The observation expressed in the Latin saying mater semper certa est remains valid for the majority of legal systems in the world. Maternity is defined as the civil status (filiation) of a woman who gave birth to a child. Maternity is typically complemented by the paternity of the man from whom the child biologically originates, which is often shown based on the presumption of the child’s legitimacy through marriage. However, in some jurisdictions, the civil status of mother or father (or a homosexual parent) may be acquired in an alternative way, namely by a contract concluded with a surrogate mother (usually, a woman from an impoverished community) with the participation of professional intermediaries and facilitators. Proposals to introduce a similar solution in the national family law, or at least to recognise the substantive effects of foreign procedures (the phenomenon that may be described as “procreative tourism”), are put forward also in jurisdictions generally prohibiting surrogate motherhood.
Many of the above issues are litigated in proceedings before national and international courts. Recent examples of such judicial involvement include the advisory opinion of the European Court of Human Rights issued on 10 April 2019 at the request of the French Cour de cassation, the judgement of the German Bundesgerichtshof of 20 March 2019, and dilemmas of Polish administrative courts.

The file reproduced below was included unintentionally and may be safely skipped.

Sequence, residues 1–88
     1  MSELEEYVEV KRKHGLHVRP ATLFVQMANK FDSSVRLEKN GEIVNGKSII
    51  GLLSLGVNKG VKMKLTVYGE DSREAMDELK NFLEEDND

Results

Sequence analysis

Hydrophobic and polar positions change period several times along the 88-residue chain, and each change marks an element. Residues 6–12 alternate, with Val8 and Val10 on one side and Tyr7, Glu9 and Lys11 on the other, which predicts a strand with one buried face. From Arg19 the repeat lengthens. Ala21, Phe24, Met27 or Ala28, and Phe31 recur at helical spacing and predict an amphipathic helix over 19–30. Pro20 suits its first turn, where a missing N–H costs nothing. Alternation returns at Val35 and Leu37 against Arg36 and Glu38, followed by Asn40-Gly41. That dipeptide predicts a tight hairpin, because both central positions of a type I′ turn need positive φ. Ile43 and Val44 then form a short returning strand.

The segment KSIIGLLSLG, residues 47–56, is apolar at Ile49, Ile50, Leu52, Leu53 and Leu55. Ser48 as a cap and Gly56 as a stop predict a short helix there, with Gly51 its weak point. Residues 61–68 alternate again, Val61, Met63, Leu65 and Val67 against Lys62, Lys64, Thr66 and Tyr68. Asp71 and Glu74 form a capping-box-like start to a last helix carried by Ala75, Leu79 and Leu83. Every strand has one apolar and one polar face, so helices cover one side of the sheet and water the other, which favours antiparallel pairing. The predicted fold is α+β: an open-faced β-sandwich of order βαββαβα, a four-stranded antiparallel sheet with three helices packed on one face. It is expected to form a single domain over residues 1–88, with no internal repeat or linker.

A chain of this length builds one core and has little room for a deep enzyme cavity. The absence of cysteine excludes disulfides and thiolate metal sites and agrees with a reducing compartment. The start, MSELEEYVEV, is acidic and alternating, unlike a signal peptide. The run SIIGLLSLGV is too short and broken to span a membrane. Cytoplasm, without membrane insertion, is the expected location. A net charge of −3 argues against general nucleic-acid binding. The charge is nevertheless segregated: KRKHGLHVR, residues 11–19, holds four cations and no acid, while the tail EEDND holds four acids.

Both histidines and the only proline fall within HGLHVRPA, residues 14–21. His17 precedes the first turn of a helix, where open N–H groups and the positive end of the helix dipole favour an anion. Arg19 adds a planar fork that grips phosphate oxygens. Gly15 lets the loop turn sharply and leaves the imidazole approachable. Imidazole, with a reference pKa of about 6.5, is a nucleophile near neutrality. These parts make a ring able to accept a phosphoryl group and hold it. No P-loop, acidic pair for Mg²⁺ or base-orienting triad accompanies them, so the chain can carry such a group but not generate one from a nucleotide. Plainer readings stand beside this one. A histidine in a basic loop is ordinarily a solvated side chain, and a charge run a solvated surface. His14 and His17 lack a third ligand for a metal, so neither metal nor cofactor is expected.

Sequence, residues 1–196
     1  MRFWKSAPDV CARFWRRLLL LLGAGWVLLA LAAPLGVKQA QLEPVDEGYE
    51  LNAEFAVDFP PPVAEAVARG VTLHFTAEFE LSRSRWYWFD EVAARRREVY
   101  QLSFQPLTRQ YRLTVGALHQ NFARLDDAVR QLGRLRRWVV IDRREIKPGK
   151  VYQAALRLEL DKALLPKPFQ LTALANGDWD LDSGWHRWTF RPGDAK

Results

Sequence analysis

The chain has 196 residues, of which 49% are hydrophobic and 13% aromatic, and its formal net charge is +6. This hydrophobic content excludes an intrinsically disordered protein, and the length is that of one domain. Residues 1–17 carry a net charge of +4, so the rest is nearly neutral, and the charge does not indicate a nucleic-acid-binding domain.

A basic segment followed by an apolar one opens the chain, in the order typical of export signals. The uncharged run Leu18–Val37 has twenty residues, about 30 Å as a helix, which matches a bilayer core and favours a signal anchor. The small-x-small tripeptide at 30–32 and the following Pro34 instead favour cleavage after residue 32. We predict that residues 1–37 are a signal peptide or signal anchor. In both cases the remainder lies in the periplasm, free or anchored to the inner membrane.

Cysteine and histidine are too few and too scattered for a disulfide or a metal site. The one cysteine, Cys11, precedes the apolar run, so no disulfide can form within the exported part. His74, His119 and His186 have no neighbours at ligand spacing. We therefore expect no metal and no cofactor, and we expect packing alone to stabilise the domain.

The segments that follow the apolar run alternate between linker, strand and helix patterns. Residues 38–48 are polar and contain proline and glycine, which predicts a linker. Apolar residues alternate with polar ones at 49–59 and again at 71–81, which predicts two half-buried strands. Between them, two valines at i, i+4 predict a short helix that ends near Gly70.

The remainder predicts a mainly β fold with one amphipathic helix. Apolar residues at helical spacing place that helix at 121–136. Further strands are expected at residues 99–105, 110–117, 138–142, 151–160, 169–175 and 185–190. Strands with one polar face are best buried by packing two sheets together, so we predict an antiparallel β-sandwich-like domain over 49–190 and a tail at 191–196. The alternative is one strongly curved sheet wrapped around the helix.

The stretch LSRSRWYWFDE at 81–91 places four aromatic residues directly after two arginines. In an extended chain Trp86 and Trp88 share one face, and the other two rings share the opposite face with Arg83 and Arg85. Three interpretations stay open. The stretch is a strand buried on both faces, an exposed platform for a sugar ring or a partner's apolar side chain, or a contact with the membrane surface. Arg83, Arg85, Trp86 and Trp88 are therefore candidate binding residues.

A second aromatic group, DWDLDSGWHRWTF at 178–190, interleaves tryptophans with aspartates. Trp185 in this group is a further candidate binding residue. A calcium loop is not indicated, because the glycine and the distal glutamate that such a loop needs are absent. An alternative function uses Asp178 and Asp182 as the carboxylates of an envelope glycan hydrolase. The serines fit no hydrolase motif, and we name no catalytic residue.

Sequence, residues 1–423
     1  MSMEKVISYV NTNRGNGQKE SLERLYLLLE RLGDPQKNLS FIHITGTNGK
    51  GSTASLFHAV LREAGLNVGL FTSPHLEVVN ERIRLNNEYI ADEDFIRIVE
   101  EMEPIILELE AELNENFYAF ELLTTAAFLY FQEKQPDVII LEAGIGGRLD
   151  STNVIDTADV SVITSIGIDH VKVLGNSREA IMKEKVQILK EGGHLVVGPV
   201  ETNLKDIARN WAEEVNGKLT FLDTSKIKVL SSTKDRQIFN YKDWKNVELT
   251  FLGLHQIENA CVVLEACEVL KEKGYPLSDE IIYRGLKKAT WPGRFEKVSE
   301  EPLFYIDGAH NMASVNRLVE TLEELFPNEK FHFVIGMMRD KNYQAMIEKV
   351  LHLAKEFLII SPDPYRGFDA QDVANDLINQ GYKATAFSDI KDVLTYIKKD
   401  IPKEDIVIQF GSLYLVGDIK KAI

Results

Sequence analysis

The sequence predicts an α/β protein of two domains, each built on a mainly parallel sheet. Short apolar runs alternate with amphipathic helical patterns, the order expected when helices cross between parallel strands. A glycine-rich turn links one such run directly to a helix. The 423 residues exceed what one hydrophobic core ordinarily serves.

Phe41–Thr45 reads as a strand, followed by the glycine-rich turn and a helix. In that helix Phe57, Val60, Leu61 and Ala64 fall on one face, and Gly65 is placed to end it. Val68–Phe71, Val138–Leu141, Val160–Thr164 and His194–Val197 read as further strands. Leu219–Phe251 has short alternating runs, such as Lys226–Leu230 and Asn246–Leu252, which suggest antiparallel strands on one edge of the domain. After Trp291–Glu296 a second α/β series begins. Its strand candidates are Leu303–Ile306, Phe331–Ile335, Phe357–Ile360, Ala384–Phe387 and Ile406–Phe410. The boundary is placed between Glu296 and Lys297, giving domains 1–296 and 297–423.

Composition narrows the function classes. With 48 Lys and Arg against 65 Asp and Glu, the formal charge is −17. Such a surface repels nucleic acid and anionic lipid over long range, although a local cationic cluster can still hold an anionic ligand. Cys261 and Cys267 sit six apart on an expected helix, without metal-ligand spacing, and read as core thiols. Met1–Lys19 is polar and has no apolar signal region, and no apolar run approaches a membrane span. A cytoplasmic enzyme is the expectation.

The present book, as well as the complementary study of the broader global perspective of surrogate motherhood published in English, are the results of the work of over 30 international experts from the member and observer states of the Council of Europe. The book presents the topic in a comprehensive and monographic – “from the general to the specific” – fashion. It discusses a wide array of aspects, ranging from the philosophy and sociology of law through human rights standards enshrined in national constitutions and international agreements to principles of ordre public and their protection afforded by measures of private and public law, including penal sanctions. Thanks to this approach the readers, including legislators and judges, may have a better understanding of the fundamental legal problems related to surrogate motherhood, which appear both in the countries whose national laws create them and elsewhere in the world where these problems may permeate with the movement of persons and take form of proposals concerning the existing and expected legal framework.